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The human side of artbots

The robots Neil and Iona greeting me.

I was greeted at the portal to the gallery space by Neil and Iona. It didn’t matter at that point whether the rest of the ArtBots exhibit at Esther Klein Gallery was going to be any good or not. I fell in love.

It’s hard not to give the robots human qualities in ArtBots, an exhibit of robotic art and/or artist-making robots. The only down side to the exhibit is that not all of the robots were in gear.

But the ones that were stole my heart. Yes, Neil and Iona were not the only objects of my affection.

But first a word of explanation. ArtBots is an international arty robot talent contest that has been going on since 2002, and the larger exhibits have been shown nationally and internationally. In additional there are smaller regional exhibits like this one. And another word of explanation–the Klein Gallery changed its mission about half a year ago to showing art that has some connection to science. So far, ArtBots is by far my favorite attempt at meshing the disciplines, and Neil and Iona are one of the reasons.

Neil (left) and Iona, by Jason Van Anden

Neil and Iona, created by Jason Van Anden are giant Weeble shapes topped by tv-heads showing animated hand-drawn mouths. The bodies lean and turn, thereby suggesting emotion and a conversation.

Actually, there really is some sort of conversation going on. The gallery notes state, “Each is capable of manipulating the other’s feelings.” Iona especially, with her droopy breasts and curvy butt is a robotic Venus of Willendorf. I’m not sure who Neil was modeled after–Homer Simpson? I don’t recall hearing the sounds they make, but I accepted them right off the bat as fellow creatures with intelligence and charm.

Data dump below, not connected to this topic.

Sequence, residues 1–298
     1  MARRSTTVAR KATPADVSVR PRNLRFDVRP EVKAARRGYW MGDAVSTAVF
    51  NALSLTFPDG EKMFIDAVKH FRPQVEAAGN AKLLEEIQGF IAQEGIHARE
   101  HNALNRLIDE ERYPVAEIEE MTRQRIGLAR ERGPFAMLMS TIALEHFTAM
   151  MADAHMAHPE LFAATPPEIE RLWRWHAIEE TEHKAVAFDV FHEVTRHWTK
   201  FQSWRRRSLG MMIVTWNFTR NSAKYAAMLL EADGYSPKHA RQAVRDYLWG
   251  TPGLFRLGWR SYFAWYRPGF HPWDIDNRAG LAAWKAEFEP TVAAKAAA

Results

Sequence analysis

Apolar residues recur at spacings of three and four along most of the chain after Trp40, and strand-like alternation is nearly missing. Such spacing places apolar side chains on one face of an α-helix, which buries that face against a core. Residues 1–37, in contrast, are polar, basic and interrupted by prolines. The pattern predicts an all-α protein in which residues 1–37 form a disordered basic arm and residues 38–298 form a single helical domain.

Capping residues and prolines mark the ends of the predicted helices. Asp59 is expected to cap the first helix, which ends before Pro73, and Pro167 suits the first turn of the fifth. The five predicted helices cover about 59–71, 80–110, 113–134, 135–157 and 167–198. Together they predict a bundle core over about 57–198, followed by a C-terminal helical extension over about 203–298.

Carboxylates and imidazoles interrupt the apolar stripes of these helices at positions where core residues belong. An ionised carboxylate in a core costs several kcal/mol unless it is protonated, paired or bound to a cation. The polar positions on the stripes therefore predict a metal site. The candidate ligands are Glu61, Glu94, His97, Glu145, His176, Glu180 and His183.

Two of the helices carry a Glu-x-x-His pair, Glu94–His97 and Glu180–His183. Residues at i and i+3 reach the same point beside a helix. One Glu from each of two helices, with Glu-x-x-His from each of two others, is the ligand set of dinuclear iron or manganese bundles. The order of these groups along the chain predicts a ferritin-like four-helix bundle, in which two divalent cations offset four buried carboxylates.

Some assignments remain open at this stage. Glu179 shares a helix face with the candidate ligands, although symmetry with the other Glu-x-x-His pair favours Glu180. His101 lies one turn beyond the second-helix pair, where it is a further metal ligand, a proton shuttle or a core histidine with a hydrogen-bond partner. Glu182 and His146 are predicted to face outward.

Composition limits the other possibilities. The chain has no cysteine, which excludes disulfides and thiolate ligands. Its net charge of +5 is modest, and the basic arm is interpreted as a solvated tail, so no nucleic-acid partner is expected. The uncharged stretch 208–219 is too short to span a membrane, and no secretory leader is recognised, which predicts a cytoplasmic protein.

Misericordiam, by Ranjit Bhatnagar

There’s no attempt to create a humanoid with Misericordiam, by Ranjit Bhatnagar, an accordion hung from a rope. It compresses and, thanks to gravity, decompresses with a convulsive abandon. I don’t know if it had any other purpose than humor, but I didn’t feel like I needed more.

The art created by Retrospectrum 3.0 which was in turn created by Yoav Bergner and LoVid

The only other working piece, Retrospectrum 3.0, by Yoav Bergner and LoVid (Tali Hinkis and Kyle Lapidus), needed too much explanation. It is a robot that makes video images using three camera eyes plus a “brain”–and “arms” on tracks that look like traveling backpacks. The backpacks create interference to modify the signal sent by the eyes, thereby creating the “art,” which is projected on a screen.

String Ball Collector, by Ellen Lake and Chris Green

I was disappointed that the other pieces weren’t working, because they all looked interesting, especially the String Ball Collector by Ellen Lake and Chris Green. The mere choice of string balls was unexpected. Apparently, the rolling robot collects the balls, and as it collects them, it ejects them, thereby rearranging the balls into new patterns (that’s the art).

On the side of the main exhibit is one of robotics by local high school students.